Communication About Food Safety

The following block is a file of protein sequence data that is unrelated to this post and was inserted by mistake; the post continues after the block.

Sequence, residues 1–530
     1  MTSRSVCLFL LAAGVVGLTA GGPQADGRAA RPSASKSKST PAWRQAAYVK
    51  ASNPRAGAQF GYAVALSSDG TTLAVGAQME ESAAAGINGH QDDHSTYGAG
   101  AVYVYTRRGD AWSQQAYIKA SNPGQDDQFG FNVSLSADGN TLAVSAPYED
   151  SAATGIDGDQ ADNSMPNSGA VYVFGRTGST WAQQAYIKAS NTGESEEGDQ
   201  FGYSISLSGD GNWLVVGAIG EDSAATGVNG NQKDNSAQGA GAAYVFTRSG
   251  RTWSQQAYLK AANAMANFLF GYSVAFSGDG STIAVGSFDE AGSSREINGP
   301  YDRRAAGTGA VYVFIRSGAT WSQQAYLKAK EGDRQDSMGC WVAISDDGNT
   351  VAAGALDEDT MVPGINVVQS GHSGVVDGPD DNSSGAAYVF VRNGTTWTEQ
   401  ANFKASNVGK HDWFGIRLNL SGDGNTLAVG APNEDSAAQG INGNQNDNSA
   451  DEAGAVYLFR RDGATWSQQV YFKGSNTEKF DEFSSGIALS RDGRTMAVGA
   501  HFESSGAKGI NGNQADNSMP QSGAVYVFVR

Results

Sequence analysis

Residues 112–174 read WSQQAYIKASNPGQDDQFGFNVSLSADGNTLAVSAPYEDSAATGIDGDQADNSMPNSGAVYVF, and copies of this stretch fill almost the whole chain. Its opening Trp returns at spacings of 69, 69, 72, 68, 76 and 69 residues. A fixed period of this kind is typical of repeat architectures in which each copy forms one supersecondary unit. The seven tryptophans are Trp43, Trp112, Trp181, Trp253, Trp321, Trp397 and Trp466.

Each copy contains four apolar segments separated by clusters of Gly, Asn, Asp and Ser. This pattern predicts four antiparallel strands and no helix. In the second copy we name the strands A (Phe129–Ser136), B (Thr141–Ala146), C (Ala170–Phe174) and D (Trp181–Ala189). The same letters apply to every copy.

In a thorough review of risk communication, William Leiss identified three phases in the evolution of risk communication practices (Leiss 1996: 85ff). The first phase of risk communication emphasized the necessity of conveying probabilistic thinking to the general public and to educate the laypersons to acknowledge and accept the risk management practices of the respective institutions. The most prominent instrument of risk communication in phase 1 was the application of risk comparisons. If anyone was willing to accept x fatalities as a result of voluntary activities, they should be obliged to accept another voluntary activity with less than x fatalities. However, this logic failed to convince audiences: people were unwilling to abstract from the context of risk-taking and the corresponding social conditions, and they also rejected the reliance on expected values as the only benchmarks for evaluating risks.